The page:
We are a blank canvas on which to build our model: a new way for newsrooms to build relationships with communities and not on the backs of communities.
When I speak to local news publishers of color, especially those who serve low-wealth communities, I am struck by a recurring theme. They started not because they had an investment or a business model. They seldom have wealthy investors backing them or the means to create a big media splash upon their founding.
Many were reacting to a critical lack of information in their communities, due to the loss of a daily newspaper or the inability for a city with a thriving journalism ecosystem to identify and address the needs of its most underserved residents. Lack of information exacerbates structural problems in communities, from wealth disparities to lack of health access.
If you went to business school, this model makes no sense. However, for those of us who have lived in or served an information desert, we know the cost of not showing up is far too high for far too many to sit by idly waiting for the dollars to arrive.
I grew up in a Detroit Black Baptist church. So much of my early understanding of community building and care came from this experience. The fifth Sunday was always hosted by the youth. We were the ushers, choir and speakers for the day. It’s where a young Candice found her voice. I can still hear in my head my pastor calling me up to the stage to read the scripture for the day. My favorite passage came from the second book of Corinthians; “For we walk by faith, not by sight.” You have to believe things into being.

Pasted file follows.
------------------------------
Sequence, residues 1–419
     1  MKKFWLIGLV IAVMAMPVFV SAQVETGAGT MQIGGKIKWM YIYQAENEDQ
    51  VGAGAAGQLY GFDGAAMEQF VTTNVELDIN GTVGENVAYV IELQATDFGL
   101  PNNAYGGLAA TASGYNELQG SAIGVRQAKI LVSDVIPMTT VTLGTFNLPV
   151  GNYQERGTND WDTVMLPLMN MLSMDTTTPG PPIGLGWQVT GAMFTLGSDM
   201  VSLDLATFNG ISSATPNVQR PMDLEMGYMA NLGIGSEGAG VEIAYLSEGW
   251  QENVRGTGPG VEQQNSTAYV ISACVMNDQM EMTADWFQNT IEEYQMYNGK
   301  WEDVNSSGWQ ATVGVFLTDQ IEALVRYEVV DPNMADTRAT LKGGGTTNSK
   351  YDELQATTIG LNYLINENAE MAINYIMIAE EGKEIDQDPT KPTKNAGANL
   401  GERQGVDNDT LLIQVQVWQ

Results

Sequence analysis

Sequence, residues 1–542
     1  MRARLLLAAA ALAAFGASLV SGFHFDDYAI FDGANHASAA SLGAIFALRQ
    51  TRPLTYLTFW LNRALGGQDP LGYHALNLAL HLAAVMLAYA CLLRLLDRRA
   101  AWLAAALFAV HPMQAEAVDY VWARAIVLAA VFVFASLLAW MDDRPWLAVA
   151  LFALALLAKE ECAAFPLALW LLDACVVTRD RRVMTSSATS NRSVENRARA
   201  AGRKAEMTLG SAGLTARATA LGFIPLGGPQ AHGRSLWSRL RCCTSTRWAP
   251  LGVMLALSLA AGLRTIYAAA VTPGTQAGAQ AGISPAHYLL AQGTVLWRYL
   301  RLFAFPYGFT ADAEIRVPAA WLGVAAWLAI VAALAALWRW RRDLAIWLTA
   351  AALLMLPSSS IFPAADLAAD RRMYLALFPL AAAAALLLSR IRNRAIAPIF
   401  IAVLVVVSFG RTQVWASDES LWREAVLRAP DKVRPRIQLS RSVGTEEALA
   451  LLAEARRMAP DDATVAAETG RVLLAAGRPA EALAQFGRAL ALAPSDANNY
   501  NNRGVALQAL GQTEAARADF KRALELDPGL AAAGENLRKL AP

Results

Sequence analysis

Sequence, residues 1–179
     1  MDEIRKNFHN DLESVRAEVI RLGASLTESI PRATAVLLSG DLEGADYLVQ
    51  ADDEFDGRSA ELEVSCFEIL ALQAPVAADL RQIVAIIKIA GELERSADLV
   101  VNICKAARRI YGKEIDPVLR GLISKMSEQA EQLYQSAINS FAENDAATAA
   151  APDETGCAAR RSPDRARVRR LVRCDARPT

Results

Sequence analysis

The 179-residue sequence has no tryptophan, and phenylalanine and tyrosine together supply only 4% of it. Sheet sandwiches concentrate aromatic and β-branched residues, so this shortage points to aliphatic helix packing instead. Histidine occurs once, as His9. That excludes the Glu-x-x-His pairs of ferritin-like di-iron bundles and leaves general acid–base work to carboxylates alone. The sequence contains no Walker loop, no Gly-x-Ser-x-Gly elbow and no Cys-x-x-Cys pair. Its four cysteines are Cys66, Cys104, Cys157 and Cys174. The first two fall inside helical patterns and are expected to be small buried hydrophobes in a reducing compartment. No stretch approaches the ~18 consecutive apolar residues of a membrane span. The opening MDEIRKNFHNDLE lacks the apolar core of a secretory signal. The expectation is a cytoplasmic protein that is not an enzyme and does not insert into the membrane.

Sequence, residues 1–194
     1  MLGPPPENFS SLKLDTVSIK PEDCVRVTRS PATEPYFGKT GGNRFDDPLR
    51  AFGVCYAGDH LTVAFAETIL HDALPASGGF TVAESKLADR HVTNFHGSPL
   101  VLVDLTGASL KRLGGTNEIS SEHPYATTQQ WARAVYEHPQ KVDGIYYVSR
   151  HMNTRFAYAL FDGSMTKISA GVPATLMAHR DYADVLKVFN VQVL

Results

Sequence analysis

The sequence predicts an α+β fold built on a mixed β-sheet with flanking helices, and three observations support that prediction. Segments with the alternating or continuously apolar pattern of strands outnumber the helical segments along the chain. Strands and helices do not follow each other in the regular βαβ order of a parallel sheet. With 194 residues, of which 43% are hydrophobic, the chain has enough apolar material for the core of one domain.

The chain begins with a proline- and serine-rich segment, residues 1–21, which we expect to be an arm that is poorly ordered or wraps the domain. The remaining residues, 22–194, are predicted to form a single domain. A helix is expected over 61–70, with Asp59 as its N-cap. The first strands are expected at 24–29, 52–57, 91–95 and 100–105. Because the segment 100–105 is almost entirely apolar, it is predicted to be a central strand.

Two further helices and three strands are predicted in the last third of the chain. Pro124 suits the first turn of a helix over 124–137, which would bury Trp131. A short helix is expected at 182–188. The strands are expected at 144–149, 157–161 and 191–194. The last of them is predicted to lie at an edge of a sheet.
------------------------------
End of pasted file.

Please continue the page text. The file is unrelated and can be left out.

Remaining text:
Now I know you also have to fund things into being.
I still carry that passage with me, but I also know that faith alone will never be enough. Too many of us exist only on the belief that if we just work hard enough and make sacrifices, our ventures will attract the kind of attention and funding needed to be sustainable. That rarely happens. We don’t see the kind of investment in our organizations and communities that will give us the capacity to build or plan for the future. For journalism to have a future, it must broaden its definition of audience and serve more diverse communities with a staff and models that reflect the changing reality.
Well, for those publishers of color serving low-wealth news consumers, they’re already hitting that mark by attracting, serving, and building trust with those that many newsrooms have discarded. They are reimaging what a newsroom can and should be.
Over the coming months, as part of my JSK fellowship, I will ask the founders and leaders of newsrooms serving low-wealth communities what they need to attack the information and accountability gaps in their community. I hope that we can attach their efforts with resources that transform newsrooms and communities by centering the needs of both.
When I was wrapping my conversation with Sydney I asked her if she thought there was something unique about Detroit that makes creating or building here unique. She gave me what I needed to have a little more faith in my journey.
“This is just a city of independence and doing. And it’s flat land so we have to make our own landscapes.”
Candice Fortman is a John S. Knight Community Impact Fellow at Stanford University and executive director of Outlier Media in Detroit.